The joy of no more poopy pants

The three pillars of parenthood are puke, poop, and pee.  Though puke is probably the most difficult to remove from random places within the house, it is encountered least often. Pee is most often encountered. Little boys can make a mess with it, even when their intentions are beyond reproach, if their marksmanship forsakes them. But pee is relatively easy to clean up, and even if you miss a spot, it will dry up and nobody will notice.

Poop is the most problematic of the unholy trinity. It occurs often enough; you know it’s there, even if you can’t see it; and though it cleans up faster than puke, it can leave you with that same sneer on your face and the same resentment in your heart.

Potty training time doesn’t bring any extra quantity of puke, unless it is your own. You are more likely to find pee and poop in places you’d rather not have it. Big Man is on the righteous path now, but just a few weeks ago, he was backsliding in a bad way. It was not pleasant.

In the beginning, Big Man embraced potty training with enthusiasm. We marveled at how easy this third child was. He took to the routine like a pro. We gave away his unused diapers. We smiled. We hugged. We high-fived. Happiness reigned throughout the land.

Then the slacking began. He made it to the potty sometimes, and sometimes he just didn’t bother to try. Some of his underwear were salvageable and some were merely blessed with the sign of the cross on their way to the outside garbage can.

“Okay, which one of you didn’t make it to the potty in time? You have to tell somebody you need to go!”

I am not one of those parents who can keep everything positive with a pat on the head and a “We’ll get ‘em next time, Champ!” I want to know why we didn’t get ‘em this time, and I frown while I’m making my inquiries: “Why didn’t you tell somebody you had to poop?” Over the years, I’ve learned I am a man who is disappointed at finding poop where it doesn’t belong under any circumstances, and I’ve yet to master hiding this disappointment.

A little frown won’t hurt the child. It may help him when he grows up into the real world. I’m sure his future employers will appreciate that he knows how to take correction. Also, they probably won’t want him carrying a load around the office in his pants. So, when I frown at him, I’m really frowning for the good of society, and pleasant smelling workplaces everywhere.

The boy tired of me making faces at him and now he is back on the straight and narrow. The world is right again. My only regret is that the casualties from his underwear drawer will never know they did not die in vain.

 

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Keep your jelly beans in perspective and your thumbs where you can find them

When we were potty training our first child we fell into the trap of offering him a toy as a reward to motivate him to use the toilet. This quickly became an untenable strategy; we are made of neither toys nor money. The boy had to learn a hard lesson about terms being subject to change without notice. It’s like when the cable company made you get a separate tuner box for each TV, advising you not to worry because you were not being charged for the extra boxes, and a few years later you find yourself paying $6/month/box. Potty training is good practice for dealing with the cable company.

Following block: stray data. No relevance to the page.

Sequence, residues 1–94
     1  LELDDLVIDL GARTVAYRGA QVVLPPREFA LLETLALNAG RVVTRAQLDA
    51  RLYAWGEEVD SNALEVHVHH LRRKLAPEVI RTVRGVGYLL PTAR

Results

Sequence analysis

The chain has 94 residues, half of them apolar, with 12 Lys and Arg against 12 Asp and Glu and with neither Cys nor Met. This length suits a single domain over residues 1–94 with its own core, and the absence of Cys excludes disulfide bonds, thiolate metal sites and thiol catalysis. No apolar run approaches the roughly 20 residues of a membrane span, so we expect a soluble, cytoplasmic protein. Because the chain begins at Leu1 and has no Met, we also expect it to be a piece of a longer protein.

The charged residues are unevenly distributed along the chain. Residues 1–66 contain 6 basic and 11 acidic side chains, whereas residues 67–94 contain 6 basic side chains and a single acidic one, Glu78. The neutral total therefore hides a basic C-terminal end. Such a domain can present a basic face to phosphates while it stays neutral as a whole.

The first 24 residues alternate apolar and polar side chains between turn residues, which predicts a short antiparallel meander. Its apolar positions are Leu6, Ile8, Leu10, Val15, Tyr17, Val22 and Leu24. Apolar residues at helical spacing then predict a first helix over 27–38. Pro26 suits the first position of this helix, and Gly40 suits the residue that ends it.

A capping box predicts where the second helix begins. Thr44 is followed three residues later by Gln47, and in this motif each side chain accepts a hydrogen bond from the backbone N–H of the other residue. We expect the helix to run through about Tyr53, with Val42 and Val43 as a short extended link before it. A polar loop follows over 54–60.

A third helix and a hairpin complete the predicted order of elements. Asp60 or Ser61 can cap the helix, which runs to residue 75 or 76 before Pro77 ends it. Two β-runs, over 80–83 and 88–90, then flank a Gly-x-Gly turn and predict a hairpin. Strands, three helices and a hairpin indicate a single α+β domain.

Now, well into potty training the third child, we have lowered our game. This boy scored a few jelly beans or a tiny Tootsie Roll for doing the right thing. Using the potty is becoming routine for him, which means earning a candy reward for each occurrence has become unsustainable. It’s not that we’re yanking away his reward; we’re helping him realize using the potty is its own reward. If you think this is parental double talk, try pooping your pants at your next social gathering. The privilege of using a toilet beats three jelly beans any day.

Rewards should be reserved for accomplishments that are challenging. Remembering to go to the potty is no longer challenging for Big Man. It is nothing compared to the formidable challenge of keeping his thumb out of his mouth. He sucks his thumb when he’s tired or anxious. It looked like he was kicking the habit, but the stress of potty training must have made him fall off the wagon.

In the olden days, Big Brother adored his pacifier. It was a relatively easy addiction to break. The pacifier magically got lost one day. That was the end of that. I’m not sure I’m ready for Big Man to lose his thumb, so we’re working on other ideas.

Winding down with a good movie and a little snack.

The other day, he was incessantly reminding me he was due some candy for his pottying exploits. I explained that this was an obsolete reward system and then I made him a new offer. He would earn a piece of candy if he went the entire afternoon without putting his thumb in his mouth.

I didn’t think he could do it. We had to drive to pick up his brothers. The car makes him sleepy, and that’s when the thumb goes in.

He didn’t get sleepy that day. He kept himself awake the entire trip by chanting, “I want candy!” at me from his car seat of whininess. Annoying? Yes. That was an added benefit to him. Annoyance is the smallest wage I deserve for my duplicity.

He earned his candy. And then he felt free to suck his thumb. As extra tired as he was, he couldn’t stop himself. He’d missed his car nap after all.

The road to Hell is paved with Pampers

Diapers. When will I see the last of them?

I’ve got one kid still in diapers, and he doesn’t seem in any big hurry for us to move on.